Archive for the ‘time server’ Category
The Paris Observatory has announced an additional leap second will be added to clocks in June 2015. What does this mean for businesses? Galleon Systems examines.
NTP time server specialists, Galleon, answers what is NTP? Highlighting the benefits of NTP servers for businesses.
What Is NTP?
In simple terms NTP, or Network Time Protocol, is a system used to synchronise the time of day across computer networks. Originally developed by David L. Mills of the University of Delaware, NTP works by using a single time source, enabling it to synchronise time across all devices that are part of a network.
Did you know? NTP was first implemented in 1985. However, some of its predecessors date back as far as 1979.
Specialists in the design, manufacture and supply of time synchronisation units and digital clocks, Galleon Systems clears up the confusion over the impact of daylight savings time on NTP time servers.
In March, clocks in the UK go forward one hour in preparation for British summer time, prompting concerns that daylight savings time will cause problems for users of NTP time servers. In a bid to reassure, Galleon Systems clarifies the impact of daylight savings time on NTP time servers in order to calm such concerns.
Modern businesses are no longer local. The internet and global communications means that even a small business might have to regularly trade overseas and often across time zones, and this means that accurate time is crucial. On a computer network, virtually every transaction is reliant on time. Time stamps are the only means a computer has of knowing when and if a transaction or process has taken place. Accurate stamps from a time server are required for billing systems, database sorting, network diagnostics and for nearly all transactions conducted over the internet. If any of this applies to your business, perhaps it’s time to ask yourself “What Time Server Do I Need?” (more…)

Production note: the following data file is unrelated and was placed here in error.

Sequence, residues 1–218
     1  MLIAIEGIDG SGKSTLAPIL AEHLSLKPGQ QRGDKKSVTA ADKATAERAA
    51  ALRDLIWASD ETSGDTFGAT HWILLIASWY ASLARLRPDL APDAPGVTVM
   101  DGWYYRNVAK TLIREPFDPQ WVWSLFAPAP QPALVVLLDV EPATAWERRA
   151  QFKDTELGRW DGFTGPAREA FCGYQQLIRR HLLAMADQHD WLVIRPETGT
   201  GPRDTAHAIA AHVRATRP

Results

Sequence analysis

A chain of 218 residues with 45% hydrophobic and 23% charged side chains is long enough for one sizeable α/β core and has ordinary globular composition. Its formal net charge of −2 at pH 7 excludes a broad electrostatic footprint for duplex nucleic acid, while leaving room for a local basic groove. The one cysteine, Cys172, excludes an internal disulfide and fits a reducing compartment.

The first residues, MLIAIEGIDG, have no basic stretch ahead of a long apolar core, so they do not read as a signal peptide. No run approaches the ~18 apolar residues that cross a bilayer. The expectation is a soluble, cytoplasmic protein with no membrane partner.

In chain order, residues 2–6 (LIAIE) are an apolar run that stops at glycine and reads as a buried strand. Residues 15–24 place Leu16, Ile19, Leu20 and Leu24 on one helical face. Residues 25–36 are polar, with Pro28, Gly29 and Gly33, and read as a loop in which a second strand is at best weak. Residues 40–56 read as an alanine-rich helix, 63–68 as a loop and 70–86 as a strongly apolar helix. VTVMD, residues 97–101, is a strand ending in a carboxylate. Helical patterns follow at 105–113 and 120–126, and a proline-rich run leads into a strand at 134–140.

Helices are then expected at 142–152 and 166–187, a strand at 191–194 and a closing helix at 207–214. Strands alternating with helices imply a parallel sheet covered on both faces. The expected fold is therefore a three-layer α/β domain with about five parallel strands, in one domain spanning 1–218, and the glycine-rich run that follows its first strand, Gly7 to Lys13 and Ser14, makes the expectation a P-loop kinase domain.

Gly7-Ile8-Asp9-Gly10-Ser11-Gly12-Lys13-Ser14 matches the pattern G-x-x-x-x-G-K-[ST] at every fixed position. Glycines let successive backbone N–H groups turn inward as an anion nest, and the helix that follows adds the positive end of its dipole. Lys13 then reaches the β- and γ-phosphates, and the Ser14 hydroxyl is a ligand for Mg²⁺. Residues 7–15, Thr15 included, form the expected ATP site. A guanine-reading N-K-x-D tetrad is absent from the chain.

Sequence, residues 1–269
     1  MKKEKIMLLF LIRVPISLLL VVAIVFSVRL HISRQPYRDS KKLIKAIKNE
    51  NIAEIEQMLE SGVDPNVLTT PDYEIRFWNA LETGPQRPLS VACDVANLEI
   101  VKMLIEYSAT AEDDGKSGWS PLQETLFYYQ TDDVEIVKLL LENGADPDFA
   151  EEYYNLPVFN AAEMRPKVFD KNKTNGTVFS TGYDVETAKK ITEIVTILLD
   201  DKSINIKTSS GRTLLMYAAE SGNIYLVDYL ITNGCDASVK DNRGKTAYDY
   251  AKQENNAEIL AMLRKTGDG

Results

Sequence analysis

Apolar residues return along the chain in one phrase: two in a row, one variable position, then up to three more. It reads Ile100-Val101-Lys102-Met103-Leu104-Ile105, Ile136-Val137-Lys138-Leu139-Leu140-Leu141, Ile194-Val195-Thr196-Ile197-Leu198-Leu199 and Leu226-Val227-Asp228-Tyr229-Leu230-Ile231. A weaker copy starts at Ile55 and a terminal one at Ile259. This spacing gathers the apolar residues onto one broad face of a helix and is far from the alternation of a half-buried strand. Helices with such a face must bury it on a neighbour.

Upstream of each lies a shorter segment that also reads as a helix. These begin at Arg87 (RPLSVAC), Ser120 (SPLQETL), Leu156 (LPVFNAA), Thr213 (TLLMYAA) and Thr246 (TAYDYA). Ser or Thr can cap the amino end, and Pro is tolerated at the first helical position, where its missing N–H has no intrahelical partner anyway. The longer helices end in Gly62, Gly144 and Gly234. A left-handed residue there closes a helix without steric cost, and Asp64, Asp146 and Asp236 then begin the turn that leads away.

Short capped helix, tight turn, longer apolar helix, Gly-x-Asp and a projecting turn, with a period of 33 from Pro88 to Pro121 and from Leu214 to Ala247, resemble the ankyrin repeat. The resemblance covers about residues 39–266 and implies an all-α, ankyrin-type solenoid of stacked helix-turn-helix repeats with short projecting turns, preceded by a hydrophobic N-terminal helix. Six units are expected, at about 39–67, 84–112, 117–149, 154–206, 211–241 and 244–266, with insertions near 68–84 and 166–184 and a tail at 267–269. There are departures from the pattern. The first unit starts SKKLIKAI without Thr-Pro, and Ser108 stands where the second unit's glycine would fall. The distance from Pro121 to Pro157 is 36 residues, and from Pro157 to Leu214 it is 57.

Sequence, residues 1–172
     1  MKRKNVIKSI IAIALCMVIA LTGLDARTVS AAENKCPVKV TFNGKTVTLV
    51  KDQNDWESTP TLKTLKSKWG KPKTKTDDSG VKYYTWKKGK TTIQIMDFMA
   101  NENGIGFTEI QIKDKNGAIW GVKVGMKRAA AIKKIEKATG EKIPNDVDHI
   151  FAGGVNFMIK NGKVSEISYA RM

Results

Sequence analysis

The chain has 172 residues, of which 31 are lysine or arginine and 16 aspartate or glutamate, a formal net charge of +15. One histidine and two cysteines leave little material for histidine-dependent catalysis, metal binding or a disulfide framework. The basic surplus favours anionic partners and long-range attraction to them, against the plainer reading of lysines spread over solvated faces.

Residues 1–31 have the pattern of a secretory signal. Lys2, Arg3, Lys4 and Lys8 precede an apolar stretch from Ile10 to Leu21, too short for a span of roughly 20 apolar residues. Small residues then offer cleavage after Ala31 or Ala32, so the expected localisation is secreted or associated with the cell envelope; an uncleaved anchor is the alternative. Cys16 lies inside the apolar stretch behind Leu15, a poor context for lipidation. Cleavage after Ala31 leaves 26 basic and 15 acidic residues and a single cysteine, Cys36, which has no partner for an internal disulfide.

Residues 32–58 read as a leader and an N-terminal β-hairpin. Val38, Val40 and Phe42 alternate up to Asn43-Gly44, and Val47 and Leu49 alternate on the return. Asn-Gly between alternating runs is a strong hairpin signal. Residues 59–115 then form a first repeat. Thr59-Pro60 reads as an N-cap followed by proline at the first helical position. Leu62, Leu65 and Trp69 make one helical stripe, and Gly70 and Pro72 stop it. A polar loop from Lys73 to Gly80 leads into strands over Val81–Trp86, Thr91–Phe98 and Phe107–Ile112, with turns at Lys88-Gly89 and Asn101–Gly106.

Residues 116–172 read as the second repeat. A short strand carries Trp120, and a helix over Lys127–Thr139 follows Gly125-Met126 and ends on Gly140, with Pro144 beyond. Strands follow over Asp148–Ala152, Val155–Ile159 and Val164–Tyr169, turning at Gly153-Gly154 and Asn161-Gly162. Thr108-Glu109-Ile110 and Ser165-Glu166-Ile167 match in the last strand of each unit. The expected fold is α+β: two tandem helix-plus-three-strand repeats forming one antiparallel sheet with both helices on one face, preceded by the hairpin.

They buzz away next to the system’s servers and few people ever give them a moment’s thought, but network time servers are a crucial aspect to any computer network. Understanding their importance is important for maintain a healthy network, as time errors can lead to all sorts of problems, such as security breaches, data loss, or application failure. (more…)
Most of us know how useful the GPS network is. The Global Positioning System has changed the way we navigate on the road, and most modern cars are sold complete with some form of satellite navigation system already installed. However, the Global Positioning System is not only useful for satellite navigation; it has other uses too, especially as a source of accurate time for synchronising a computer network and other such technologies with the aid of a GPS network time server.
Need for Synchronisation
Time synchronisation is vital for all sorts of technologies, especially computer networks. Having different machines with a different time can lead to all sorts of untold problems, from data getting lost to simple things such as emails arriving before they were technically sent. Without accurate synchronisation or a network time server, it is nearly impossible to keep a network running smoothly and pinpoint errors and bugs.
Other technologies too need complete synchronicity. CCTV cameras, cash machines and safety systems such as air traffic control all have to be precisely synchronised. Imagine the chaos if your local cash machine told a different time from the one next to it. In effect, you could withdraw money from one machine, while the one next to it would consider a transaction that hadn’t happened yet, allowing you to withdraw the same amount again.